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  • Writer's pictureGeorgina Roberts

Do not give up


Sometimes I surprise myself.


I have hard moments, hours, days, just like everyone else. These times can make me question if it’s all worth it, whether it’s sport or business, is it worth the time, effort, the sacrifices and all of my resources?



These are the times when it is particularly hard to hold your head up and carry on fighting, when you don’t quite believe in yourself and your mission enough to keep giving it your all.


I’ve learnt over the years that I have had 2 choices. One hard, one easy. Some choices are more difficult than others, but will make things much easier for us in the future. Some choices are lazy, that we make for ease, but create difficulties and elongated suffering in the future.


“Hard choices, easy life. Easy choices, hard life.” — Jerzy Gregorek

I recently wrote an article about identity, and how I had recently rediscovered mine. I’ve always been driven, motivated, but during hard moments, or periods of feeling lost, it can feel easy to give up.


Giving up can look different to different people. It could be moments where we just stop trying, or times where we half-arse things. We muddle along, uncaring but disgruntled, always disappointed and surprised when we haven’t met goals or received rewards that we believed we should be entitled to.



I’ve just come back from Rabat, Morocco for the first World Cup of 2023. A competition that I wasn’t ready for. I struggled in training, I couldn’t make everything come together. The first day of competition arrived, I shot 19. I dropped 5 targets out of the first 8. I had NO idea what was happening, I just couldn’t make it work for me. I was deflated and angry that I couldn’t hit as many targets as I wanted to. Next round out, I was on it. I was confident that I was going to put everything into this round and I did, until the last 5. I tried so hard that I ran out of steam and dropped 3 in the last 5 targets, I was heartbroken. Then I had another bad round. I was giving up.


I had completely written my competition off, but then I decided to fight.


I wasn’t willing to give up on this competition, despite my performance in the previous rounds. I found an extra gear, dug that little bit deeper and focused on the process. I pulled a 24, and then 25 out of what felt like thin air for the last 2 rounds and managed to semi-rescue my score, 109/125. I was so emotional, I couldn’t believe how I had managed to do it. I checked the scoreboard, 2 targets shy of the final. Turns out, I wasn’t the only one who was struggling. If I could have found that extra gear just one round previously, I could have made the cut. Disappointing, but what a comeback.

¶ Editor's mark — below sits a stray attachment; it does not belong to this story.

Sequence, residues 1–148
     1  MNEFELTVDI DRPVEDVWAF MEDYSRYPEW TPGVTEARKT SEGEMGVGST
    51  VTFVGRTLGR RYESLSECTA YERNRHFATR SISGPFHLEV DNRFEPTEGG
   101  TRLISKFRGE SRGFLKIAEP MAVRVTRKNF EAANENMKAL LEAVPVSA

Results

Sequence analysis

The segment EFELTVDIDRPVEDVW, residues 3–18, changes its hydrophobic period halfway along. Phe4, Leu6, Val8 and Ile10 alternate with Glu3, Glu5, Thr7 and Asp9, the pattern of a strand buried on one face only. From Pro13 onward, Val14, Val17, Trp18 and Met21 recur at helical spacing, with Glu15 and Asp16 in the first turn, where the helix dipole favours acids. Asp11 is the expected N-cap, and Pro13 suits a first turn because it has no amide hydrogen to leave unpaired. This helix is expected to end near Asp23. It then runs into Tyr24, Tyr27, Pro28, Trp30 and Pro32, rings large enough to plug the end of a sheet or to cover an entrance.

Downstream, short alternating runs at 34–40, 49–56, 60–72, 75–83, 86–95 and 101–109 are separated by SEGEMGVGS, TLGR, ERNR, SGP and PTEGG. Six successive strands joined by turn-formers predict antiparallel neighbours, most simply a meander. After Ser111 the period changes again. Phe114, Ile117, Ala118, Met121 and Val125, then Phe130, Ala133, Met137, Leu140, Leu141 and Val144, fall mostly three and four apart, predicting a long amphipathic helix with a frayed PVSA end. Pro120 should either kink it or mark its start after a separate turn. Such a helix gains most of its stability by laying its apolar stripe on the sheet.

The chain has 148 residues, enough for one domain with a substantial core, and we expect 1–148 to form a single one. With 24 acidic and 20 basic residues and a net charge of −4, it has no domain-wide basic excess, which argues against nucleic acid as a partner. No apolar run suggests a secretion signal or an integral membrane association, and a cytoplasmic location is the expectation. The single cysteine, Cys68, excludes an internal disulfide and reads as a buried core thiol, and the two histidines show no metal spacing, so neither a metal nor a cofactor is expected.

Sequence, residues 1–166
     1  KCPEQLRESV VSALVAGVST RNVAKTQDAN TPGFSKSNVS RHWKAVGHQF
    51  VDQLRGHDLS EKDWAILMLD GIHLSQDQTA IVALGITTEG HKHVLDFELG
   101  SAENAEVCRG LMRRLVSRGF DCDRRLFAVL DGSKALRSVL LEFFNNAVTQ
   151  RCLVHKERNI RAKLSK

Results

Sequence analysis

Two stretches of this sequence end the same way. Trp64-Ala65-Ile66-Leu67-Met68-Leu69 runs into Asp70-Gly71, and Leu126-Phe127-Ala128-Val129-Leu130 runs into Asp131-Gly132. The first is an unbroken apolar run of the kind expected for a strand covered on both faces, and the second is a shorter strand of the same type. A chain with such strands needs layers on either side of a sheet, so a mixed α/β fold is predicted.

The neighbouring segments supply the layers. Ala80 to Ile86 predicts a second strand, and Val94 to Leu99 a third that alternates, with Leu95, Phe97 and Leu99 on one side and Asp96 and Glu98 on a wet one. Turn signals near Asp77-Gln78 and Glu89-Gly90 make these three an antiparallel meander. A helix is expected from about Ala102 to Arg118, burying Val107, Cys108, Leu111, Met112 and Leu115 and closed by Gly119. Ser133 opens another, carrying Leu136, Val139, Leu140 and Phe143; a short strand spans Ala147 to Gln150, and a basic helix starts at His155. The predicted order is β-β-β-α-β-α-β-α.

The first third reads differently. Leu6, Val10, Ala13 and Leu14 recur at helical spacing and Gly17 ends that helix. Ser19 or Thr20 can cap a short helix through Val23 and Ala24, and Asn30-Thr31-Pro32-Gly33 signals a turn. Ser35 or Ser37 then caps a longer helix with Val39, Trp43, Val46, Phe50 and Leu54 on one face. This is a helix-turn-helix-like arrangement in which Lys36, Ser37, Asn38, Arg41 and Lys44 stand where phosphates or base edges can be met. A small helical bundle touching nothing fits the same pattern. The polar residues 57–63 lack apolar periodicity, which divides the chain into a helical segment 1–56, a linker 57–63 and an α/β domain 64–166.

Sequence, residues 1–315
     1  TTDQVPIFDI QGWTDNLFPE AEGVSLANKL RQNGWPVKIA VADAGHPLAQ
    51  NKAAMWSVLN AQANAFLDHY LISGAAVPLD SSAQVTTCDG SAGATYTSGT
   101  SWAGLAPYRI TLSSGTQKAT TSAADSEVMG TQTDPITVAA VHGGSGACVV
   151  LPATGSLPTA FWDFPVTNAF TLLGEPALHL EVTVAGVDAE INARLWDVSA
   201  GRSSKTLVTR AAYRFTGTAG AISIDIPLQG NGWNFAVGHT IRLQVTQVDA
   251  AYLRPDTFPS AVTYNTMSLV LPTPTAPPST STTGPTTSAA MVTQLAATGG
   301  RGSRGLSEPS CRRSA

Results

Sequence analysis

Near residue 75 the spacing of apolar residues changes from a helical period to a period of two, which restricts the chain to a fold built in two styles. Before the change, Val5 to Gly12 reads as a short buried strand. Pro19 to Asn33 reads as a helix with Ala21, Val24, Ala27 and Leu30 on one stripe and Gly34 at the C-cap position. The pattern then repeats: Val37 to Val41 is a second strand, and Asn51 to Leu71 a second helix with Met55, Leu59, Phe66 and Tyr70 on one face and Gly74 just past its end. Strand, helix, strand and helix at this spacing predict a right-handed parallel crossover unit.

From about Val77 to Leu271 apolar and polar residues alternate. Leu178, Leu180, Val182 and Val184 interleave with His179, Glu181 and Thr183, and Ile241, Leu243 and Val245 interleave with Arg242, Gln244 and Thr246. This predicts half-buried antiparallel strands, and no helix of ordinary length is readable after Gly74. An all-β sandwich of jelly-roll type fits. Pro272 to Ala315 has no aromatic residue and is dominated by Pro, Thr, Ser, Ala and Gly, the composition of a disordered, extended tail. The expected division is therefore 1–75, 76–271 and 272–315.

But this wasn’t the first rescue mission.


One of my coaches joked last year and had referred to me as ‘The Comeback Queen’. I laughed and found it sweet, as I’d had such a bad start to a competition. My first selection for the main team in 2022. I shot a 20 to start and was heartbroken, I didn’t want to waste my opportunity. After 30 minutes of moping around, getting a pep talk off my coach, I was off to shoot my next round. I fought hard the rest of that competition, shooting 25,23,23,23 to finish on 114/125. Another travelling score for British Shooting and an international PB for me, it also got me into the final. I was over the moon. And emotional.


Later in 2022, I was at the World Championships. They were really hard for me. It was a really tough week. I had shot a GB selection shoot the weekend before and shot 100/125. The worst score I had shot in years. I wasn’t ready to go to the Worlds, and I cried in the car the whole way to the airport. I couldn’t hit a barn door from the inside during training, I had no self belief and I was panicking. During that competition, I shot 23,21,23,25,22 and finished on 114, 2 targets shy of the final. Before the competition started, I had already mentally checked out, I cried in my room every night during the competition but managed to wake up each morning and put my game face on.



As athletes we always set out with the intention of winning gold, but considering the lack of self-belief I experienced during this shoot, the idea of being this close to the final at my first senior World Championships was a real pinch me moment.


I’m sitting here, now returned home from Morocco, reflecting. Are these comebacks a fluke? What happened? Where did that gear come from?


My strength is not giving up. I often forget about it and sometimes think that is a fluke. It’s not. My strength is my mindset and that I am able to keep fighting. Others can see it, and it’s about time I recognise it within myself. Recognising it means that I can add it to my ‘tool-kit’ and I will believe in myself as others do. We might have moments when we are down, but we must remember that we are not out.


In shooting, we have to fight for every target, treat them as individual targets instead of rounds of 25. We must keep going, and we must do so with intent. Doing things half-heartedly won’t help us achieve our goals. We must stop focusing on a score, but break the competition down into tiny steps, like with anything in life. It is so easy to get caught up in what others around us are doing, instead of focusing on our own journey. We need to remember that the only person that we need to compete against is ourselves, and as soon as we can do that, incredible things will happen.



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